What Are The Five Most Common Types Of Mood Disorders?

Mood disorders can refer to a variety of mental illnesses that affect mood and other functions. A mood disorder can affect daily living and lead to behavior disturbances such as sadness, anger, and irritability.

There are five types of mood disorders

1. Bipolar disorder

Bipolar disorder can also be called manic depression. This disorder is characterized by episodes that alternate between depression and mania. Manic depression episodes are marked by extreme happiness, high energy, and a high level of mood.

You can subdivide bipolar disorder into four types.

Bipolar I: A person with bipolar disorder that experiences manic episodes for up to seven days. They may also exhibit symptoms of depression. Sometimes manic symptoms can become so severe that the patient needs to be admitted to the hospital. Depression symptoms may last up to two weeks.

Bipolar II is a bipolar disorder in which a person has both depression and mania. Bipolar II (hypomania) is more mild than bipolar I (depression). The depression episode can last longer, and it may occur after or before a manic episode.

Cyclothymic Disorder – Also known as Cyclothymia or Cyclothymic Disorder, cyclothymia can cause a person to experience an unrelated series of “highs”, “lows”, and other mood changes throughout the day. Cyclothymic disorder, although a milder version of bipolar disorder than more severe forms can impact a person’s daily activities.

Other types of bipolar disorders: Type IV is for people who have symptoms that aren’t related to other bipolar disorders.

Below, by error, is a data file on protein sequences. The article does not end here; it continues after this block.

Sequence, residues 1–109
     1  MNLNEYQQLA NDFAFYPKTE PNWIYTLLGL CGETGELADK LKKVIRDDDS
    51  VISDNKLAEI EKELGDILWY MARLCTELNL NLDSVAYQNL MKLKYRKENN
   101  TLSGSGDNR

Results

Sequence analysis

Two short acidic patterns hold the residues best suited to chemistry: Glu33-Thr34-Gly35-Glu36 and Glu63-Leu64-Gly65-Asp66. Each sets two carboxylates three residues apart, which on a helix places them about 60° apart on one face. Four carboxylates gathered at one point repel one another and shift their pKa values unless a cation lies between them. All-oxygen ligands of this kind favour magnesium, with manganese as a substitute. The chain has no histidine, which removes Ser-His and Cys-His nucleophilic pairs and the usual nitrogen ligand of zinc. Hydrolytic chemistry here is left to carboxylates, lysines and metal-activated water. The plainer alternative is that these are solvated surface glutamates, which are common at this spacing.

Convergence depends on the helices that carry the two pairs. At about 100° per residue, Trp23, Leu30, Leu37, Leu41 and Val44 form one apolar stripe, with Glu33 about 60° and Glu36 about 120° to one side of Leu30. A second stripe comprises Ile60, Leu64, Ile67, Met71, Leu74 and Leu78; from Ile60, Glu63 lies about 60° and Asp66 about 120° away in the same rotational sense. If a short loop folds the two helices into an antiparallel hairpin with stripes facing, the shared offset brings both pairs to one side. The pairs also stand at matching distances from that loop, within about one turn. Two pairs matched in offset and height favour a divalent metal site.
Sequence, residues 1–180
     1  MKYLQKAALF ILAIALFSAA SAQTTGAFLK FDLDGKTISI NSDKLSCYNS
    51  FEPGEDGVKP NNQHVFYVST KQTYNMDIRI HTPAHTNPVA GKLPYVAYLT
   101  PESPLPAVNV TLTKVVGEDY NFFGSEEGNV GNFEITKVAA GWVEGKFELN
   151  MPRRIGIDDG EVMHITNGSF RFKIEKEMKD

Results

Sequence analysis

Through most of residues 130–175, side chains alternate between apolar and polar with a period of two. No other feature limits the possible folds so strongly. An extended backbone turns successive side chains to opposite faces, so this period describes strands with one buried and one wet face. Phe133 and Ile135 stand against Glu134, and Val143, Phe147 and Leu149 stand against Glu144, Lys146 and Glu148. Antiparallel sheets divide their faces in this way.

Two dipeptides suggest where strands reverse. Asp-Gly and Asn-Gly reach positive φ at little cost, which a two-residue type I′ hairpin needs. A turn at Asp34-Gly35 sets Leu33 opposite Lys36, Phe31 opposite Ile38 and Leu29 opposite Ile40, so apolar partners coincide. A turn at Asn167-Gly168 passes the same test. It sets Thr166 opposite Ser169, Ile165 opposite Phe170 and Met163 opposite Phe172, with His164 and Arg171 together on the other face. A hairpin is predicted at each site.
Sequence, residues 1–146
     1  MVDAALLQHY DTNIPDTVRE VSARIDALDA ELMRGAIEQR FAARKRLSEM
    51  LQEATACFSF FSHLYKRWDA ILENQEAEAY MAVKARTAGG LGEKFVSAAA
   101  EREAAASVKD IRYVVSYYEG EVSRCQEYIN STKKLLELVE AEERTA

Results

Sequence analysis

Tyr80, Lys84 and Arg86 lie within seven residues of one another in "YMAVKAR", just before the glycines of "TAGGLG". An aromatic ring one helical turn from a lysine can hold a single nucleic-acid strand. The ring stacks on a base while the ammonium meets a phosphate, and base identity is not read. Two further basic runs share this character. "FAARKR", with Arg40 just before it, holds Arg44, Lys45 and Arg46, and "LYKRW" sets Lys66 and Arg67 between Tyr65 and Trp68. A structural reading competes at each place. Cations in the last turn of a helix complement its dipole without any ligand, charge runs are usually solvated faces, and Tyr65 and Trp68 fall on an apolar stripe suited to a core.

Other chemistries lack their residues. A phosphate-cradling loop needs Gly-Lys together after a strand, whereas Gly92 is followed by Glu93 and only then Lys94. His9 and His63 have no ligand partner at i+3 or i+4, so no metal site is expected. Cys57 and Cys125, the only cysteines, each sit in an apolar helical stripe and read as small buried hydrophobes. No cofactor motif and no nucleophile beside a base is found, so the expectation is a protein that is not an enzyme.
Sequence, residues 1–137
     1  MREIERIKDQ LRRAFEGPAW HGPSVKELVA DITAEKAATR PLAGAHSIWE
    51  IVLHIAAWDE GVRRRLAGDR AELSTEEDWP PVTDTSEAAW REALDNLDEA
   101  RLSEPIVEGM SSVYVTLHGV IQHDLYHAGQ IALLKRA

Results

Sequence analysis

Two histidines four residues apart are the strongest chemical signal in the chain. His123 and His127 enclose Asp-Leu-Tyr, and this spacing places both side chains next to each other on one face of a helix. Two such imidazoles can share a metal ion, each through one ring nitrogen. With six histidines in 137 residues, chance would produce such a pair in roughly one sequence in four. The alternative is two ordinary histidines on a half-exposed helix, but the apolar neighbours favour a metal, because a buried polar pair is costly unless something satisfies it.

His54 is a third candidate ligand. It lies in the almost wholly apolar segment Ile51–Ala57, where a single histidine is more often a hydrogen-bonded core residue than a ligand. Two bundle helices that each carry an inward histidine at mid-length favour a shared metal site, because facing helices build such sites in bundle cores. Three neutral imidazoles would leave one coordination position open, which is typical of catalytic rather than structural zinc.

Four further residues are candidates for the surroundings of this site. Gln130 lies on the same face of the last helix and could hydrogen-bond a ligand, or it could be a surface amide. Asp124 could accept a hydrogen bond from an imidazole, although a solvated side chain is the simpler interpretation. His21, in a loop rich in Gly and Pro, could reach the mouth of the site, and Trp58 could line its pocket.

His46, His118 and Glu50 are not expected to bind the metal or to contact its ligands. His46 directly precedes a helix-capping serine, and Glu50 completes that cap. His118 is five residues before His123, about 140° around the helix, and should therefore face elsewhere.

2. Major depressive disorder

Major depression is defined by a severe and prolonged low mood, extreme sadness, irritability, or a sense that you are afraid. A person with severe depression might have difficulty recognizing the things they love.

Depression can cause more than sadness, feeling down, feeling hopeless, or feeling depression. Major depression symptoms usually last at most for two weeks but can sometimes last for months, if not years.

3. Dysthymia

Dysthymia is also known as persistent, depressive disorder (PDD), which is mild depression that lasts a long while. It can strike adults as early as 2 years old and adolescents up to one year later.

4. A mood disorder that’s related to another condition

Depression can be caused in part by underlying conditions, such as HIV or cancer.

5. Substance-induced Depression

Substance-induced, also known as opioid-induced, depression is a general diagnosis. It includes opioid-induced and depressive disorders. It is when someone has persistent depressive symptoms following withdrawal, dosage reductions, and/or use of opioids.

What are the symptoms and signs of mood disorders?

A mental Health professional may conduct tests to evaluate mood stability and mental health, even if there are no other conditions.

Many people avoid treatment due to the stigma associated with mood disorders. Many people do not seek treatment for mood disorders.

What are the available treatment options for mood disorders?

People with mood disorders can live productive and stable lives when they are properly treated. There are many options for mood disorders treatment.

Treatment of depression: It is possible to use antidepressants, mood-stabilizing medication, and psychotherapy together.

Psychotherapy is a combination of cognitive-behavioral therapy and interpersonal therapy. It helps people change how they see the world and their perceptions. It helps them to build interpersonal relationships, identify triggers and find ways to avoid them.

Family counseling: Support from the family is vital for treatment and therapy. Families can help make the process more manageable by including them in the treatment and helping them understand the situation.